Greetings and much aloha from Maui! Now that we're well into 2013 (the year), 2013 (the SharePoint product) gets closer to general availability both on premises and in the Microsoft Office 365 cloud. Microsoft hasn't yet announced when Office 365 will be updated to the "Wave 15" releases, but the company promised these updates in the first quarter of this year, so we're getting close.
In recent articles, I've discussed the importance of planning a roadmap and architecture that incorporates both SharePoint 2013 and SharePoint 2010, Foundation and Server, cloud and on-prem, in order to ensure that you can deliver what your business requires. Today, I'd like to add one more dimension to the service matrix: flexibility versus lockdown. As you consider SharePoint governance in your service, there's a constant trade-off or balancing act between a service that's reliable, robust, scalable, and secure, and one that's responsive. The best way to attain the balance is to deliver service on each end of the scale: one that's flexible, and one that's locked down.
Before I share some thoughts and guidance on that topic, I'd like to give a shout out to two of the leaders in the SharePoint community who have been pumping out some great content lately—content that I, for one, rely on:
- Andrew Connell took it on himself to turn the Office 365 and SharePoint 2013 feature list into an Excel spreadsheet, allowing you to sort, filter, and pivot the list so that you can better identify the best options for your enterprise; check it out at "SharePoint 2013 & Office 365 Feature Matrix–An Easier Way to View It."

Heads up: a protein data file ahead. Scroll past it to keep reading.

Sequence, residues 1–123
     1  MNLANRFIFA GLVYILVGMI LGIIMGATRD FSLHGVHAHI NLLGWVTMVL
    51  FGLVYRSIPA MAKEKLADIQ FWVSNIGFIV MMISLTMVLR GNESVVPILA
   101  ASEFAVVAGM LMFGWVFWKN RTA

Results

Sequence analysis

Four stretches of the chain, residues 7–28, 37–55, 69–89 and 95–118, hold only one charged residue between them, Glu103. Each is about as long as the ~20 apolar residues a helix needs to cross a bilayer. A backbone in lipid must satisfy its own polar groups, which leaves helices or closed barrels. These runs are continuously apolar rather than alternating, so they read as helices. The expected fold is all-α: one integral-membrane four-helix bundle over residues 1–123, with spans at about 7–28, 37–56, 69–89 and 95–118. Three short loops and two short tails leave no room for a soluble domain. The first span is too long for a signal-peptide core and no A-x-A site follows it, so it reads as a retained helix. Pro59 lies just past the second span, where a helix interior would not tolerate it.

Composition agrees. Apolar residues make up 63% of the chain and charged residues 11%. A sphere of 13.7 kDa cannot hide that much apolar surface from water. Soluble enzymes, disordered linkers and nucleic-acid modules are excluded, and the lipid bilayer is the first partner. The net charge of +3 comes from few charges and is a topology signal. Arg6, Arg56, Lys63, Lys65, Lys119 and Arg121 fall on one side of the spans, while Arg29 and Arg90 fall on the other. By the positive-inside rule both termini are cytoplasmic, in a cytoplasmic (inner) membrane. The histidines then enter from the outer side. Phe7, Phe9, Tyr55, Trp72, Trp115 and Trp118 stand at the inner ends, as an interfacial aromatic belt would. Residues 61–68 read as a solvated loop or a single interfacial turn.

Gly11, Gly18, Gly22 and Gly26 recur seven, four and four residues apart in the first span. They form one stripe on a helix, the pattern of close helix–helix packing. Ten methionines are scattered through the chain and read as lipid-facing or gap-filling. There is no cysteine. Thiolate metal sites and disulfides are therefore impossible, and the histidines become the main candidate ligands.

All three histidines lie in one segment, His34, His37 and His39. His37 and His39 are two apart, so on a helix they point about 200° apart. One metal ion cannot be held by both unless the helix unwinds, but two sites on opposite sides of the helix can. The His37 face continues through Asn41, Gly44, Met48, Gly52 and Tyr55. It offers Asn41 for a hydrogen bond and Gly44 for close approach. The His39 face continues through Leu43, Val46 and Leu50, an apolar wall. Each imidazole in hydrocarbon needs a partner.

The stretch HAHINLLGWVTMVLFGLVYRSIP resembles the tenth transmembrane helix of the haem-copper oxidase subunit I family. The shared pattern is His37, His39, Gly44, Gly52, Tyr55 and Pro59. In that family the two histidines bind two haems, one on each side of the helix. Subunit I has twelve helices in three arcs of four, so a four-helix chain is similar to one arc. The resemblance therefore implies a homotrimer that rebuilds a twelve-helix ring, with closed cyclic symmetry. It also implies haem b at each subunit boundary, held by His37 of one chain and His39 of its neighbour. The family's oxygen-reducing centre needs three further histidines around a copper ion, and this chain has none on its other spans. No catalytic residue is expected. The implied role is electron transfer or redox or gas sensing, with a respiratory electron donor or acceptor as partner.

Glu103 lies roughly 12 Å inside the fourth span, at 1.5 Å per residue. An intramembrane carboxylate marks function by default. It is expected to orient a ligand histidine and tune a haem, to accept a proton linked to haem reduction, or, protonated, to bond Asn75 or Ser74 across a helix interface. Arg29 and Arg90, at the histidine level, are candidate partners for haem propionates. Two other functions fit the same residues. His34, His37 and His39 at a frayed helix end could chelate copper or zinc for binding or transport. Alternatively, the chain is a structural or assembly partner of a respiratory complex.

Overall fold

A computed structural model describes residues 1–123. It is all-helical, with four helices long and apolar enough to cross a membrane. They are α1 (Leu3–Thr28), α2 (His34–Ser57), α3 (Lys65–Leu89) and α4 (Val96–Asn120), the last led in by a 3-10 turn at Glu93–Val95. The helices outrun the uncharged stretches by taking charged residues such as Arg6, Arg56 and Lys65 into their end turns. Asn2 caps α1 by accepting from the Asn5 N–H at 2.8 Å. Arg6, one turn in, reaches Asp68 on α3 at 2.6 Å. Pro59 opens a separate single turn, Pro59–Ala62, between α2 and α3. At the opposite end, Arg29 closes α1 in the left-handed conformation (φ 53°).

- Jeremy Thake re-established his blog, Jeremy Thake's musings, and has been a fount of great content, including a weekly list of links to other excellent articles.
Now, let's talk about lockdown versus flexibility in SharePoint governance!
The vast majority of customers I encounter came at SharePoint from one of two vectors, which led to one of two outcomes.
First, there are the customers who began their SharePoint journey in order to meet a significant business requirement. For example, I work with several large banks that have loan and transaction processing workflows sitting on SharePoint. A large aerospace company does a lot of its collaboration on engineering projects on SharePoint. These types of projects were understood from the outset to be mission critical, so the outcome is a locked-down, highly governed service that reduces risk to ensure maximum reliability (e.g., uptime) and performance. We'll call these the "Fort Knox" SharePoint environments. (For those of you outside the United States, Fort Knox maintains much of the US government's gold supply—or at least used to—so it's used as a metaphor for highly locked down, secure environments.)
Second, there are the customers who began their SharePoint journey to support broader objectives such as collaboration. Such projects are often about increasing productivity and reducing the cost of other platforms. The projects are intentionally either vague or broad, both of which lead to a tendency for a SharePoint environment that can support lots of different business needs, which often leads the organization to loosen governance, allow rapid change, and maintain less control over code-based customizations, all to provide maximum responsiveness and flexibility. We'll call these the "Wild West" SharePoint environments.